It’s safe to say that all eyes were definitely on Matt George when he showed up in New York earlier this month to accept the IFP’s Gordon Parks Independent Film Award for best original screenplay.
The prize, named after Parks, a famed African-American helmer (“Shaft”) and photojournalist, recognizes talented emerging African-American filmmakers, including one director and one screenwriter. Winners receive an all-expense-paid trip to New York to claim their prize at a star-studded ceremony.
But George is Caucasian.
Unfortunately, the panel of presenters and judges including, helmer Spike Lee, director Bill Duke, actor-director-writer Cheryl Dunye, producer Debra Martin Chase, writer-director Malcolm D. Lee and actress Tonya Lee Williams, didn’t know that. At least not until George, a surfer who stands over six feet and looks like he just stepped out of the Navy, boasting tattoos and a shaved head, showed up at the awards ceremony to collect his $10,000 prize.
The fine print
“I showed up and it was a complete surprise,” George told Daily Variety. “I was the bastard child at that banquet. We’re talking about a starving Hollywood writer who has entered 15 competitions and didn’t really read the fine print. It was the most awkward situation of my life. It became so comedic that at the after party there wasn’t a human being in there that wasn’t buying me a drink.”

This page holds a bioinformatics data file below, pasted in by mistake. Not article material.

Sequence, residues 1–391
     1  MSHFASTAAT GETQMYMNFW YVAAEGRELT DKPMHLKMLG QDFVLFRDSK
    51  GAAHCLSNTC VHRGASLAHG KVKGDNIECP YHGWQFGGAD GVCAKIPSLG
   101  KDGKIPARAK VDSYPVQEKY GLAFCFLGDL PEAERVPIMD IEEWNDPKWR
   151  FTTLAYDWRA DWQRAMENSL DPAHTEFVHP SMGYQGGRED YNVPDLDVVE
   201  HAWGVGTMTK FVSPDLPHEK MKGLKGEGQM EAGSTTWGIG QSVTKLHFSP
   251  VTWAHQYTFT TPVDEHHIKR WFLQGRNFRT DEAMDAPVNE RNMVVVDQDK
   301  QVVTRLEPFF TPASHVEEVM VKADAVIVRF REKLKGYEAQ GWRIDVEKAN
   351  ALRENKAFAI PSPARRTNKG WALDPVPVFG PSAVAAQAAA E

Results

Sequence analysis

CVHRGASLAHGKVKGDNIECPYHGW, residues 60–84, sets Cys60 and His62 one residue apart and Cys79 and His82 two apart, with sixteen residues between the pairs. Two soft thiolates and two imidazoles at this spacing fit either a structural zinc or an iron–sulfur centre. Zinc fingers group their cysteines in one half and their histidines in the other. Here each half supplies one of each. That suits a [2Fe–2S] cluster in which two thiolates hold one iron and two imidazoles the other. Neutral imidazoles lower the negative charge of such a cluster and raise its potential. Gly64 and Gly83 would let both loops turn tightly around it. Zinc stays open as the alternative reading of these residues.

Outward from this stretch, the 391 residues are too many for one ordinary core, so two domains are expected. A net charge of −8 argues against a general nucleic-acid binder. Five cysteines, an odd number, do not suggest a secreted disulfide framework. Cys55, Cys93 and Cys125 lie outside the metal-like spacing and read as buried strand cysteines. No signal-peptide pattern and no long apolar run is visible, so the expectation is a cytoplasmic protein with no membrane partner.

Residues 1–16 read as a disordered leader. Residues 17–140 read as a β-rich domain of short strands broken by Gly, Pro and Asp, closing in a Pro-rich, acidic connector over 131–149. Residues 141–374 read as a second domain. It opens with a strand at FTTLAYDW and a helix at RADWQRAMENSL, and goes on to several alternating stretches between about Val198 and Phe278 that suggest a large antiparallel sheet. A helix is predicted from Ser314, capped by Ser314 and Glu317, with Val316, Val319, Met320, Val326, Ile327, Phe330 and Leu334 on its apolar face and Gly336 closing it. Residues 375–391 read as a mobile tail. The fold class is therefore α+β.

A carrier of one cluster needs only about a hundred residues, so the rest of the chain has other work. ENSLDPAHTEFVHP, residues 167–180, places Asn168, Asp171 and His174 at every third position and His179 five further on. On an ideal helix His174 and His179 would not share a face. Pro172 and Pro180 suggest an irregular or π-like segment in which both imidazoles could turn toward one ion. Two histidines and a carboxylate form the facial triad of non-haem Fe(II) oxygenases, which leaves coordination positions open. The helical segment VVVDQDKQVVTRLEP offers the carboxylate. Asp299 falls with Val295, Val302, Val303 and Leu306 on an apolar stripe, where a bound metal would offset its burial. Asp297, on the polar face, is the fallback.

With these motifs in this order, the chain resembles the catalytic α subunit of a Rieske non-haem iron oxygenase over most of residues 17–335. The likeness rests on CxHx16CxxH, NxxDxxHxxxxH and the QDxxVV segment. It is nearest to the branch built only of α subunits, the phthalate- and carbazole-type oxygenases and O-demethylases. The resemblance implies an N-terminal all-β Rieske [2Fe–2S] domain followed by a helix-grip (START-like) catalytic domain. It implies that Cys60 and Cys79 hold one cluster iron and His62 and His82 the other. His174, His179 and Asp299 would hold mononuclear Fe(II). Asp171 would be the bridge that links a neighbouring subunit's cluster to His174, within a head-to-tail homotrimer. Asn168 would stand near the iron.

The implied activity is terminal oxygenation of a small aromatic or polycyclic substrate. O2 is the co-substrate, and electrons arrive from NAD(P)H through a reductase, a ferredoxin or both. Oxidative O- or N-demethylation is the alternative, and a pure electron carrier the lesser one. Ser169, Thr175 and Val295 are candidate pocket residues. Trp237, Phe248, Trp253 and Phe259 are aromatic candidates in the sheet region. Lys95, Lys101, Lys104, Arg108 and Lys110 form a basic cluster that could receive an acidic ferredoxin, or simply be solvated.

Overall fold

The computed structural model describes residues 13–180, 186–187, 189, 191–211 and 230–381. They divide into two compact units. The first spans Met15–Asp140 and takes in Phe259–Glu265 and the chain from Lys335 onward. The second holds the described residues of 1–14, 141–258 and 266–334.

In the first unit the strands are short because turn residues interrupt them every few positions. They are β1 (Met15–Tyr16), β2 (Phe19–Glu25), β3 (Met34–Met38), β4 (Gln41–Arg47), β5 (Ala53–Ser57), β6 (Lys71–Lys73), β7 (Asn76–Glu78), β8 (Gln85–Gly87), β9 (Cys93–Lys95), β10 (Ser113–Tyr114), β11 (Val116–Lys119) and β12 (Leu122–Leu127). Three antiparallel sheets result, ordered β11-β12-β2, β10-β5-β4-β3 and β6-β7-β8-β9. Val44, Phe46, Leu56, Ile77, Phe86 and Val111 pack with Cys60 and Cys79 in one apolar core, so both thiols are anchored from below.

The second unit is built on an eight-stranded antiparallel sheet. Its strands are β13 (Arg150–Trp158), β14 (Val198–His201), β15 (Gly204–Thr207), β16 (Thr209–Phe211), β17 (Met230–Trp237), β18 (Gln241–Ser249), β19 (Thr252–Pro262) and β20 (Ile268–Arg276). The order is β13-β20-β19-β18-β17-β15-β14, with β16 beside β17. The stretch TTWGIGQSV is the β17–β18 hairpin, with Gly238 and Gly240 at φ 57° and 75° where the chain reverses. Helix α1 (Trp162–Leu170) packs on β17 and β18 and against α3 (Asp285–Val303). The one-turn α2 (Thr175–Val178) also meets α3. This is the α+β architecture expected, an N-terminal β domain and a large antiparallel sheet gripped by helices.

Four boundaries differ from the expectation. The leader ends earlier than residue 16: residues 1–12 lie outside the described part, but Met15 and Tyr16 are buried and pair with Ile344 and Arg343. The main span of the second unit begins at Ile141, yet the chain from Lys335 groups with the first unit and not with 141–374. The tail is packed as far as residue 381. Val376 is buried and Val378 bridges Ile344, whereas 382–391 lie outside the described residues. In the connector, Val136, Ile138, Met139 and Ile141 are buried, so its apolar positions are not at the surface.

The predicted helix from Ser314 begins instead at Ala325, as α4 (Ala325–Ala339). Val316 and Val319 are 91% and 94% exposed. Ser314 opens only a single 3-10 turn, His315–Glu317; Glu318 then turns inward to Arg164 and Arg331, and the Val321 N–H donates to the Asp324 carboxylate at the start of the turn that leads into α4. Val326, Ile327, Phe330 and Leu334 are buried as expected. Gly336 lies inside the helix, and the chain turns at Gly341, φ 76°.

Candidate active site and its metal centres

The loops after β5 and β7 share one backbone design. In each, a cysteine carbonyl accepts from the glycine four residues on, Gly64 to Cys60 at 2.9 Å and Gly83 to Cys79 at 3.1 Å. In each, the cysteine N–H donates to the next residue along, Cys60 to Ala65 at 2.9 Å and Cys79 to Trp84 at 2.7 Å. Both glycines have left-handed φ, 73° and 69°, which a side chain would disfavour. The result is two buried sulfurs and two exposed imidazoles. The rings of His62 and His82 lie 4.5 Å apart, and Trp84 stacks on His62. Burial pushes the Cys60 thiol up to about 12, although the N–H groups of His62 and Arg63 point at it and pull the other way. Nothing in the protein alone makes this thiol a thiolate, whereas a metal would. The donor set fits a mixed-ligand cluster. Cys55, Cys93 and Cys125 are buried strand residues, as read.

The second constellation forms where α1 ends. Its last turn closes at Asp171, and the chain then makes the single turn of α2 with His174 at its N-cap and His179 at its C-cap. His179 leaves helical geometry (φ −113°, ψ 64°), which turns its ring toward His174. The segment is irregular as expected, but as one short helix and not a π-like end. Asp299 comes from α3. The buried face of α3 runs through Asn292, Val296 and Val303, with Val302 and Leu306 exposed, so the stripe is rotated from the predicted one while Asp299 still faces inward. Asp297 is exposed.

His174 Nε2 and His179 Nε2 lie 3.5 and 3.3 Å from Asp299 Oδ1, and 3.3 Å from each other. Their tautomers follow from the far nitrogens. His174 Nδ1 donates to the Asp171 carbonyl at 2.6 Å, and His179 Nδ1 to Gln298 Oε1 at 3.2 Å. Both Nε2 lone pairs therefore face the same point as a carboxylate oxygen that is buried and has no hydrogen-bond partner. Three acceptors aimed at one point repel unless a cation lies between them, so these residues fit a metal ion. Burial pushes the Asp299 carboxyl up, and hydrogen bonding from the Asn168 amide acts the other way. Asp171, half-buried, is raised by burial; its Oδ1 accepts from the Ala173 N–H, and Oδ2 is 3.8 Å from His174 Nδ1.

George’s winning script, “Soul Alley,” pays homage to his African-American godfather, Buddie Penn, the first black squadron leader in Vietnam. It’s a love story, set in the Philippines during the war, involving the children left behind in the military’s wake. George previously won Emmys for producing docus “Let Me Be Brave” and “Surfer Magazine” before creating the short-lived NBC surfing drama “Wind on Water.”
“They assumed that since my screenplay is of an African-American theme, that the writer was African-American,” George said. “I was approached by a committee member and told that I was ineligible to receive the award on the basis of the color of my skin. I was disappointed, but what could I do? I realized that we had all made an error, so I stood down.”
The prize was ultimately presented to Jono Oliver, who scripted “The Other Ones,” about a man who finds his place in the world after he’s injured in a highly publicized shooting.
“I’m just honored that I could write a screenplay that could win an African-American award,” George said. “That’s such an honor.”